(March 1, 2010)--A century after Lt. Benjamin Foulois took flight over the fields of Fort Sam Houston, San Antonio families can take flight with flight simulators and other offerings at the Institute of Texan Cultures for a Family Day celebration, 10 a.m.-4 p.m., Saturday, March 6 in the lower exhibit galleries and Back 40 outside exhibit area.
The institute's "A Salute to Military Flight," a retrospective exhibit on the birth and legacy of military flight in San Antonio, has been a major component of the city's observance of the centennial. Family Day includes two flight simulators, opportunities to meet model and remote-control airplane hobbyists, paper airplane activities and conversations with four generations of military aviators, including those from World War II, Korea, Vietnam and modern era.
"From Wright Flyers to space shuttles, so much history relied on what happened right here in San Antonio one hundred years ago," said Rhett Rushing, an ITC researcher who worked on the exhibit. "This is a story we want to share with our community and an anniversary that we should celebrate together."
Family Day activities are included in the price of admission. Military personnel can show ID to receive a free child's admission with regular adult admission. Also, the institute is offering $1 off admission with the donation of a box of powdered drink mix packages. Drink mixes will be donated to the USO.
"A Salute to Military Flight" opened in October 2009 and runs through July 4. Its components include:
The Institute of Texan Cultures is on the UTSA HemisFair Park Campus, 801 E. Durango Blvd., a short distance from the Alamo and the River Walk. Regular hours are 10 a.m.-5 p.m., Monday-Saturday; noon-5 p.m. Sunday. Admission is $8 for adults (ages 12-64); $7 for seniors (ages 65 +); $6 for children (ages 3-11); free with membership, or UTSA or Alamo Colleges identification. For more information and resources for multiple audiences, call (210) 458-2300 or visit the Institute of Texan Cultures Web site.
The Institute of Texan Cultures is an agency of the UTSA Vice President for Community Services. The mission of the institute is to engage lifelong learners in the understanding and celebration of Texas cultural heritage. The 182,000-square-foot complex features 65,000 square feet of interactive exhibits and displays that tell the stories of Texans.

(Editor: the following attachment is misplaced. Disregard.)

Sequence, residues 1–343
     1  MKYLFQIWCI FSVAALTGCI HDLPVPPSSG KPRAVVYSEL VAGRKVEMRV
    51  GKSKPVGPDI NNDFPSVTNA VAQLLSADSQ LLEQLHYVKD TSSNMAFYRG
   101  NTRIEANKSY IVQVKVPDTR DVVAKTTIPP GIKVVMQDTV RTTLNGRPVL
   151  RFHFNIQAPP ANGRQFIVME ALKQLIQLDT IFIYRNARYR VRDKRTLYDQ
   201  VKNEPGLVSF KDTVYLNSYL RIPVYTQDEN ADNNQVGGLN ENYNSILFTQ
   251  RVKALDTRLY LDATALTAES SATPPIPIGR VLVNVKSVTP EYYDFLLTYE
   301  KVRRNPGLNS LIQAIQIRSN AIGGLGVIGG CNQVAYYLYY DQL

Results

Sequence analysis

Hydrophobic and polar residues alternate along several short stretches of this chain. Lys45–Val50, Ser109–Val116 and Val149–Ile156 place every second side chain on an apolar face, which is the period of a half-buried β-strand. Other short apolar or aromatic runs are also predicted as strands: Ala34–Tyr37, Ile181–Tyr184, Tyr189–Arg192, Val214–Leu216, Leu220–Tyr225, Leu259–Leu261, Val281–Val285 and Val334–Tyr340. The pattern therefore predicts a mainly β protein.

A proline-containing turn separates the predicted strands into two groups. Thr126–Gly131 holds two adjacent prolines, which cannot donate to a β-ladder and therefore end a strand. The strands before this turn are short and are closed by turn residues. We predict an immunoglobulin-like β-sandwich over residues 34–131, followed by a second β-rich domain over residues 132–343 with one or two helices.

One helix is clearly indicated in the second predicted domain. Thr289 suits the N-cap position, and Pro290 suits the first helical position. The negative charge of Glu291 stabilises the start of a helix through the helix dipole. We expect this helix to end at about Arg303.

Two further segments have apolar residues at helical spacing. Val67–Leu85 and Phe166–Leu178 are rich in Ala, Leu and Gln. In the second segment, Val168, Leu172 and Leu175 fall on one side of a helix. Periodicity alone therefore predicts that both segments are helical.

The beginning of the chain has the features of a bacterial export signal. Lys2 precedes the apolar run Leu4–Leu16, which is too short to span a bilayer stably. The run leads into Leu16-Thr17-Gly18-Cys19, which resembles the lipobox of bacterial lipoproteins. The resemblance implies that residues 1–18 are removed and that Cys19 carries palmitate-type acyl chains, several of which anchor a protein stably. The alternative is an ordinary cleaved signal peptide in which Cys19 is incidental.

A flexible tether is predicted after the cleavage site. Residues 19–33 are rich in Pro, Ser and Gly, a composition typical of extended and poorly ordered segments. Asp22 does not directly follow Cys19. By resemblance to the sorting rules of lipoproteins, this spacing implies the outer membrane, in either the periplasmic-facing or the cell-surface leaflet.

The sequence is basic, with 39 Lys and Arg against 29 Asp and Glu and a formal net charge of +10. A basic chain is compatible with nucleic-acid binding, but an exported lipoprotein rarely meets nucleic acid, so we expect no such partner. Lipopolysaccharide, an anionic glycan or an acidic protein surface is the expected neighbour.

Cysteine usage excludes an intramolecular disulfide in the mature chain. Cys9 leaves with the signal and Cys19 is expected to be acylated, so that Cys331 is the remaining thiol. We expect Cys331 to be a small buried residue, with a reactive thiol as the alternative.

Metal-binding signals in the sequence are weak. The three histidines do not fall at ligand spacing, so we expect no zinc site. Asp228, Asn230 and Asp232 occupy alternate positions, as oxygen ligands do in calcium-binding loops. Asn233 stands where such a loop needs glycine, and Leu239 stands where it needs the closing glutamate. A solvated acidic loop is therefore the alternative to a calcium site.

UTSA researchers are exploring matter at the atomic level with Helenita. It's one of the most powerful microscopes in the world, with the ability to operate near the theoretical limit of resolution. At 9 feet, 2 inches tall and weighing more than two tons, Helenita can dissect almost anything. With Helenita's resolution, researchers can study particles atom by atom to see how they behave.
That's critical in developing nanotechnology that will help diagnosis early-stage breast cancer or make helmets that are uber strong. Moreover, the detail that Helenita provides will allow nanotechnology researchers to create new therapies and treatments to fight a wide range of human diseases.
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The University of Texas at San Antonio is dedicated to the advancement of knowledge through research and discovery, teaching and learning, community engagement and public service. As an institution of access and excellence, UTSA embraces multicultural traditions and serves as a center for intellectual and creative resources as well as a catalyst for socioeconomic development and the commercialization of intellectual property - for Texas, the nation and the world.
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